The distinctive and most important features of the Flat-Coat are the silhouette (both moving and standing), smooth effortless movement, head type, coat and character. In silhouette the Flat-Coat has a long, strong, clean, "one piece" head, which is unique to the breed. Free from exaggeration of stop or cheek, the head is set well into a moderately long neck which flows smoothly into well laid back shoulders. A level topline combined with a deep, long rib cage tapering to a moderate tuck-up create the impression of a blunted triangle. The brisket is well developed and the forechest forms a prominent prow. This utilitarian retriever is well balanced, strong, but elegant; never cobby, short legged or rangy. The coat is thick and flat lying, and the legs and tail are well feathered. A proud carriage, responsive attitude, waving tail and overall look of functional strength, quality, style and symmetry complete the picture of the typical Flat-Coat.
The long, clean, well molded head is adequate in size and strength to retrieve a large pheasant, duck or hare with ease. Expression alert, intelligent and kind. Eyes are set widely apart. Medium sized, almond shaped, dark brown or hazel; not large, round or yellow. Eye rims are self-colored and tight. Ears relatively small, well set on, lying close to the side of the head and thickly feathered. Not low set (houndlike or setterish). Nose-Large open nostrils. Black on black dogs, brown on liver dogs. Lipsfairly tight, firm, clean and dry to minimize the retention of feathers. Jaws long and strong, capable of carrying a hare or a pheasant.
Neck, Topline, Body
Neck strong and slightly arched for retrieving strength. Moderately long to allow for easy seeking of the trail. Free from throatiness. Coat on neck is untrimmed. Topline strong and level. Body-Chest (Brisket)-Deep, reaching to the elbow and only moderately broad. Forechest-Prow prominent and well developed. Rib cage deep, showing good length from forechest to last rib (to allow ample space for all body organs), and only moderately broad. The foreribs fairly flat showing a gradual spring, well arched in the center of the body but rather lighter towards the loin. Underline-Deep chest tapering to a moderate tuck-up. Loin strong, well muscled and long enough to allow for agility, freedom of movement and length of stride, but never weak or loosely coupled. Croup slopes very slightly; rump moderately broad and well muscled. Tail fairly straight, well set on, with bone reaching approximately to the hock joint. When the dog is in motion, the tail is carried happily but without curl as a smooth extension of the topline, never much above the level of the back.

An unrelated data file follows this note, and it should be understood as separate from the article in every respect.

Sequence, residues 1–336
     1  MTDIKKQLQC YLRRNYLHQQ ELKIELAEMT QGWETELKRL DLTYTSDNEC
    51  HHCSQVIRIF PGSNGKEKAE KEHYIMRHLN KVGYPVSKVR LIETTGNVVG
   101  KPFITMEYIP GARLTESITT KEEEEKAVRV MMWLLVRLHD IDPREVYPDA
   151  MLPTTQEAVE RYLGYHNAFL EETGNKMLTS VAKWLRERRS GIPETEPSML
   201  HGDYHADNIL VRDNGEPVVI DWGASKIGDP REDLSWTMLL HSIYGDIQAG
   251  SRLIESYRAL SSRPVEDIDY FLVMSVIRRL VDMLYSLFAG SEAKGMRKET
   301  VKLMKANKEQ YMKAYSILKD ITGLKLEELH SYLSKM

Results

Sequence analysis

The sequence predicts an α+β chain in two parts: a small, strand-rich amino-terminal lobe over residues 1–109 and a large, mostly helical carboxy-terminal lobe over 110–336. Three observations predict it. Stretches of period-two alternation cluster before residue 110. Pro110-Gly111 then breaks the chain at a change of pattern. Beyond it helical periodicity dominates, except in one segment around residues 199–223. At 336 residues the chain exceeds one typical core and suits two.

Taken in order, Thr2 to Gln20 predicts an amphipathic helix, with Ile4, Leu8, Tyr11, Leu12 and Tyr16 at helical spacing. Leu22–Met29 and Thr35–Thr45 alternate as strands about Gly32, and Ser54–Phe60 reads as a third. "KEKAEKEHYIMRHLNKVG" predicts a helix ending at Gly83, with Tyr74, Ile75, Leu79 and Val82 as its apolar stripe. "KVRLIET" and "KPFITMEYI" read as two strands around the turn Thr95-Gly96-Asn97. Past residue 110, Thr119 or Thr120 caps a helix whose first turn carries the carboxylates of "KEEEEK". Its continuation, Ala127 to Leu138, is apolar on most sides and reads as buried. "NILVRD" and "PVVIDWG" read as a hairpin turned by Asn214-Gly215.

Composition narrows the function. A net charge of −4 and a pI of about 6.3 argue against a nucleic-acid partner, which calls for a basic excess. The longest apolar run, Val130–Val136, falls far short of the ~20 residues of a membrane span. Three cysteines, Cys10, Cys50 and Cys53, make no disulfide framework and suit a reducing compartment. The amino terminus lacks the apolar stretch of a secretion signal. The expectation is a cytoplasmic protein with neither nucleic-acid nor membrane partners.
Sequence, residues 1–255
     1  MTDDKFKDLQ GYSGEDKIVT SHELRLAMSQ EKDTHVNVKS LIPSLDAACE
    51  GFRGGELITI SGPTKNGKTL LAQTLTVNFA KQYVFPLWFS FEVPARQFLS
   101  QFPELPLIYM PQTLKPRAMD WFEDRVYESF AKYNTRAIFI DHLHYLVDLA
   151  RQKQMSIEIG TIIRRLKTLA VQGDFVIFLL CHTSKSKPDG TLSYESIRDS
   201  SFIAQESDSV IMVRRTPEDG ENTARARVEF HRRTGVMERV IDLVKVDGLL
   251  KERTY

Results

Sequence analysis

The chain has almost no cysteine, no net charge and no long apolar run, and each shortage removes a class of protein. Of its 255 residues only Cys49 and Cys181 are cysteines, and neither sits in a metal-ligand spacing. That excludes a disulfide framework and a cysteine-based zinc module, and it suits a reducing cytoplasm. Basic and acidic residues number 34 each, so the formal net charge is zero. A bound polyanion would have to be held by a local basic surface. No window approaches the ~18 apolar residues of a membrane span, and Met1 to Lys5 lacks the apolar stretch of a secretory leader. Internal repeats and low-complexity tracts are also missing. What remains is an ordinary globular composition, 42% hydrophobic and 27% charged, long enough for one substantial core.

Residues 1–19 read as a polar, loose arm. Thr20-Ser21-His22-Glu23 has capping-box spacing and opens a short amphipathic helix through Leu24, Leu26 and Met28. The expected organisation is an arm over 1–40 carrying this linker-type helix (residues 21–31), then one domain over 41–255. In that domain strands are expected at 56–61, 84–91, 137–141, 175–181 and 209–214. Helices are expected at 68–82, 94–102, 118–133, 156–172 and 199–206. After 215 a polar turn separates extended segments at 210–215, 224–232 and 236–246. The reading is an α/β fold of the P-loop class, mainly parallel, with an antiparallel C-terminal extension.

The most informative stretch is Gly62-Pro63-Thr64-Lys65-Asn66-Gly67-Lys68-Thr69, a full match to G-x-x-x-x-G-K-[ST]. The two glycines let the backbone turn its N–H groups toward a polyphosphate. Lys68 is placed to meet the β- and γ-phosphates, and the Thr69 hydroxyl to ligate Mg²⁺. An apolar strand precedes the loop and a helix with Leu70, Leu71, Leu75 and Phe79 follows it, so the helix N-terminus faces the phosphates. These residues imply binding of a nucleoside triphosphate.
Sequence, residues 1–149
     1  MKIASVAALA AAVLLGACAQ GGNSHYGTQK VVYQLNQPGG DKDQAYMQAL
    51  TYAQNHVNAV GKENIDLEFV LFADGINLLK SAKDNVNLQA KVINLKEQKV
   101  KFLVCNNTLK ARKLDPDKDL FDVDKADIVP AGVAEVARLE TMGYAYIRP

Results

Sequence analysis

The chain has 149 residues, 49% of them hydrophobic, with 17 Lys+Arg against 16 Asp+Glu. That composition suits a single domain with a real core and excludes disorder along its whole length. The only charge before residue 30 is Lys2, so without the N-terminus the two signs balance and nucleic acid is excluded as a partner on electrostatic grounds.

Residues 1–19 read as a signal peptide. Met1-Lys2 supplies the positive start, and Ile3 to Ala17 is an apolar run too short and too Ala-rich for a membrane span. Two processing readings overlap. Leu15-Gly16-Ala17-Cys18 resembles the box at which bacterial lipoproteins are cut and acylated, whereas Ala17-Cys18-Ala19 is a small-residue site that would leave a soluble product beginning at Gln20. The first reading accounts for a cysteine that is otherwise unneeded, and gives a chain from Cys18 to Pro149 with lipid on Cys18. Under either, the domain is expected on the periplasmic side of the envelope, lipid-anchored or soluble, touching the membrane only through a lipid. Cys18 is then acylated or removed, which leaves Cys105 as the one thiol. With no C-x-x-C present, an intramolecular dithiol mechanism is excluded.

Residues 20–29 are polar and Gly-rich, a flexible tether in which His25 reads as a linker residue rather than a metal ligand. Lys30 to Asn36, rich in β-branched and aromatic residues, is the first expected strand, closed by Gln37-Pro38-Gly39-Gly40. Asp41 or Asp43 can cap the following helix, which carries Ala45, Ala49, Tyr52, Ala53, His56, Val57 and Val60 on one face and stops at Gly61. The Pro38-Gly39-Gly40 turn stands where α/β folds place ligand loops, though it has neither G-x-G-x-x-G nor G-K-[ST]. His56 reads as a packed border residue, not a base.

Shoulders long, well laid back shoulder blade with upper armof approximately equal length to allow for efficient reach. Musculature wiry rather than bulky. Elbows clean, close to the body and set well back under the withers. Forelegs straight and strong with medium bone of good quality. Pasterns slightly sloping and strong. Dewclaws-Removal of dewclaws is optional. Feet oval or round. Medium sized and tight with well arched toes and thick pads.
Powerful with angulation in balance with the front assembly. Upper thighs powerful and well muscled. Stifle-Good turn of stifle with sound, strong joint. Second thighs (Stifle to hock joint)-Second or lower thigh as long as or only slightly longer than upper thigh. Hock-Hock joint strong, well let down. Dewclaws-There are no hind dewclaws. Feetoval or round. Medium sized and tight with well arched toes and thick pads.
Coat is of moderate length density and fullness, with a high lustre. The ideal coat is straight and flat lying. A slight waviness is permissible but the coat is not curly, wooly, short, silky or fluffy. The Flat-Coat is a working retriever and the coat must provide protection from all types of weather, water and ground cover. This requires a coat of sufficient texture, length and fullness to allow for adequate insulation. When the dog is in full coat the ears, front, chest, back of forelegs, thighs and underside of tail are thickly feathered without being bushy, stringy or silky. Mane of longer heavier coat on the neck extending over the withers and shoulders is considered typical, especially in the male dog, and can cause the neck to appear thicker and the withers higher, sometimes causing the appearance of a dip behind the withers. Since the Flat-Coat is a hunting retriever, the feathering is not excessively long.